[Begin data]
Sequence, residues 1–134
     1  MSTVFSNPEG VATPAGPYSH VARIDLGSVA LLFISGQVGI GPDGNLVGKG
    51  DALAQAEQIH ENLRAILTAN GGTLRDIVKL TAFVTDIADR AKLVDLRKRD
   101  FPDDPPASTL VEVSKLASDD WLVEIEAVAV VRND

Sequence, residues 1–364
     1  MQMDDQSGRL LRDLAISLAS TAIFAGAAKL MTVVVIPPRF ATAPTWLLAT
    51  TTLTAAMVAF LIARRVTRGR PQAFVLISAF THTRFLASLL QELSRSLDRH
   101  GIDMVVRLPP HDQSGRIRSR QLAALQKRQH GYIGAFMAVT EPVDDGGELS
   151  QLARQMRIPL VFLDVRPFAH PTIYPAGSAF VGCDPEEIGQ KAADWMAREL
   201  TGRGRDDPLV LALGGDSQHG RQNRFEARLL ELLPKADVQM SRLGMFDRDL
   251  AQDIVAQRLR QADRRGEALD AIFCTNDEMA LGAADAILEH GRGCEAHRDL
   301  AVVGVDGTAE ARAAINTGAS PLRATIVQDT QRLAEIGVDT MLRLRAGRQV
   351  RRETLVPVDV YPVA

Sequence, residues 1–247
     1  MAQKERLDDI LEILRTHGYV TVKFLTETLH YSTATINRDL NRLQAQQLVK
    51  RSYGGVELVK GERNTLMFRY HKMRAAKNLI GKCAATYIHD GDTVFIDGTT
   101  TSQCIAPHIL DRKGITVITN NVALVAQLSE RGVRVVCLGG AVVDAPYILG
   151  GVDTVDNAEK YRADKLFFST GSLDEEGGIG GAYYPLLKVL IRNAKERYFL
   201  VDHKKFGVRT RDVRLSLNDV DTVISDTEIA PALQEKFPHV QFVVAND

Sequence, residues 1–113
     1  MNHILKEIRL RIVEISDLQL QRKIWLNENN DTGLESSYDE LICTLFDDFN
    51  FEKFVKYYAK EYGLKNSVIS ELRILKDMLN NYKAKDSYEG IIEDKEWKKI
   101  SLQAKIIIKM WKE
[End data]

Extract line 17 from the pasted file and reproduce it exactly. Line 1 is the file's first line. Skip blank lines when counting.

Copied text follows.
   101  TSQCIAPHIL DRKGITVITN NVALVAQLSE RGVRVVCLGG AVVDAPYILG